Still Better Than the Alternatives?
In general, the year-to-year correlation between value-added scores lies in the .30 to .40 range (Goldhaber & Hansen, 2010). Although this correlation is not large, researchers at the Brookings Institution note that it is almost identical to the correlation between SAT scores and college grade point average (.35); yet we continue to use SAT scores in making decisions about college admissions "because even though the prediction of success from SAT/ACT scores is modest, it is among the strongest available predictors" (Glazerman et al., 2010, p. 7).
Similarly, more traditional measures of teacher performance have not been tremendously accurate. For example, until recently, many teacher evaluation systems only provided binary ratings: satisfactory or unsatisfactory, with a full 99 percent of teachers receiving satisfactory (Weisberg, Sexton, Mulhern, & Keeling, 2009). Moreover, researchers have found weak correlations between principals' ratings of teacher performance and actual student achievement; in general, principals appear to be fairly accurate in identifying top and bottom performers, but they struggle to differentiate among teachers in the middle (Jacob & Lefgren, 2008).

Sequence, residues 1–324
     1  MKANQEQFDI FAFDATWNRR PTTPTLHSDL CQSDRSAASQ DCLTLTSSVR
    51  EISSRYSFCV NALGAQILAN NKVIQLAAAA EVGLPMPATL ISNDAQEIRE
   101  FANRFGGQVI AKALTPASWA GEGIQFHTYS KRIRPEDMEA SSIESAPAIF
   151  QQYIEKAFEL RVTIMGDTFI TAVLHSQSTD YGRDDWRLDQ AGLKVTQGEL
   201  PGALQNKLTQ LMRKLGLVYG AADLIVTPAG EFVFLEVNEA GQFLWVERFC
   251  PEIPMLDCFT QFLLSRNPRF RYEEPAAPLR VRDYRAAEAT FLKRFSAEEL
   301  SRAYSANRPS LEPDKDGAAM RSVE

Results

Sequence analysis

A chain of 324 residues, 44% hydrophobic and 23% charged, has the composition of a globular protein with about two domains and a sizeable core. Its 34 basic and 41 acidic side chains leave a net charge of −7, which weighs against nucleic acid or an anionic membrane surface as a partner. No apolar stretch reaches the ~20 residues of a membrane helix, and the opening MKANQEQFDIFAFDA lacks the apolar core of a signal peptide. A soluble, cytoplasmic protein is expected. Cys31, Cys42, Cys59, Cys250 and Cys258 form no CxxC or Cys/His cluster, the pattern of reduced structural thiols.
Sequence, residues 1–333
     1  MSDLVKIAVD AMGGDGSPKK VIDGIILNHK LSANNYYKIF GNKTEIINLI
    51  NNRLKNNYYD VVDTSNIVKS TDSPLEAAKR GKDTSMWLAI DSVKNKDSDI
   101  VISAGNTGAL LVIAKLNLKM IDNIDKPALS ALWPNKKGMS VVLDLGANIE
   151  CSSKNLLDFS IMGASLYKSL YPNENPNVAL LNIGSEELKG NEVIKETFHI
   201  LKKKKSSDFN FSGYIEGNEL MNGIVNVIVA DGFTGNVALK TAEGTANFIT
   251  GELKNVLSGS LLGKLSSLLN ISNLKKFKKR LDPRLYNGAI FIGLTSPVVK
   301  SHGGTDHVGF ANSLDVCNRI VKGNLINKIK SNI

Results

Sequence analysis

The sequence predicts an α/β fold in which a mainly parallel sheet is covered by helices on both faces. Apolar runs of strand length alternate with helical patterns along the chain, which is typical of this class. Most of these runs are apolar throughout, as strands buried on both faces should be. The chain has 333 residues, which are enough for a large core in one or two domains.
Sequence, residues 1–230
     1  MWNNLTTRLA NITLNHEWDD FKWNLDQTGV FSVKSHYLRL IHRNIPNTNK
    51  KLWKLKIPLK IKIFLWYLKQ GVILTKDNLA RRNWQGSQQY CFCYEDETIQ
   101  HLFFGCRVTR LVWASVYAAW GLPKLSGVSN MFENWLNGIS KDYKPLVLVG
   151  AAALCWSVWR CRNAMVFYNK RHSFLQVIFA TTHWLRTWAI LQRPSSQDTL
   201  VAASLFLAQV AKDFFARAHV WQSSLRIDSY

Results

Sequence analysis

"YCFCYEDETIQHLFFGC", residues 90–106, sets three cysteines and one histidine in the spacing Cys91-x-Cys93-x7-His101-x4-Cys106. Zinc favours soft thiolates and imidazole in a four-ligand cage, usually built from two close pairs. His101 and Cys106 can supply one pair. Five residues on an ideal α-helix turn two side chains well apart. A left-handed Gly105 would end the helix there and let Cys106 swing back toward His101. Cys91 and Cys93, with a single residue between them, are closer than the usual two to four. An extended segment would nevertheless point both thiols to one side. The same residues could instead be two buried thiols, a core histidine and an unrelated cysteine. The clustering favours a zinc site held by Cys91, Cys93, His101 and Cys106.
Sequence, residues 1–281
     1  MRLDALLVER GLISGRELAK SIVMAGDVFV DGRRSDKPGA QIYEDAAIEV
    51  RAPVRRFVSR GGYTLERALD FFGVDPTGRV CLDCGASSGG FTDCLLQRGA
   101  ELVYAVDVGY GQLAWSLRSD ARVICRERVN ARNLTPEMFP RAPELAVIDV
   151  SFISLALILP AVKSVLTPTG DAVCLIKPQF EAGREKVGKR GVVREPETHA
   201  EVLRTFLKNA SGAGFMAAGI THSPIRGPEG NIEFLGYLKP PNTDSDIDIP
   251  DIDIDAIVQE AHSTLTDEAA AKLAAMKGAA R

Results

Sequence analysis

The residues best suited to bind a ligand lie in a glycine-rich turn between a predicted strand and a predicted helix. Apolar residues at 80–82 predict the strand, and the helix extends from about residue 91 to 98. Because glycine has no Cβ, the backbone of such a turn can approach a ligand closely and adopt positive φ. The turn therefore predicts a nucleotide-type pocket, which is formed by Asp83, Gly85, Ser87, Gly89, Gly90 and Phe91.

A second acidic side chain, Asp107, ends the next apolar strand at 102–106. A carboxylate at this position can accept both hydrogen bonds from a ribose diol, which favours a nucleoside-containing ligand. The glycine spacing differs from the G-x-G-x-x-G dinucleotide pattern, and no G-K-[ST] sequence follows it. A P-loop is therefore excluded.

When faced with imperfect predictors of college success, colleges have learned to use a variety of measures to make decisions about which students to admit. The challenges posed by value-added measurement would suggest that schools take a similar approach. School leaders should heed researchers' consistent warnings against publicly releasing individual teacher ratings or relying heavily on value-added measures to make high-stakes employment decisions. But value-added measures might reasonably be considered as one component of teacher evaluation—when taken with a healthy dose of caution and considered alongside other measures.
Aaronson, D., Barrow, L., & Sander, W. (2003). Teachers and student achievement in the Chicago public high schools. Chicago: Federal Reserve Bank of Chicago.
Baker, E. L., Barton, P. E., Darling-Hammond, L., Haertel, E., Ladd, H. F., Linn, R. L., Ravitch, D., et al. (2010). Problems with the use of student test scores to evaluate teachers. Washington, DC: Economic Policy Institute.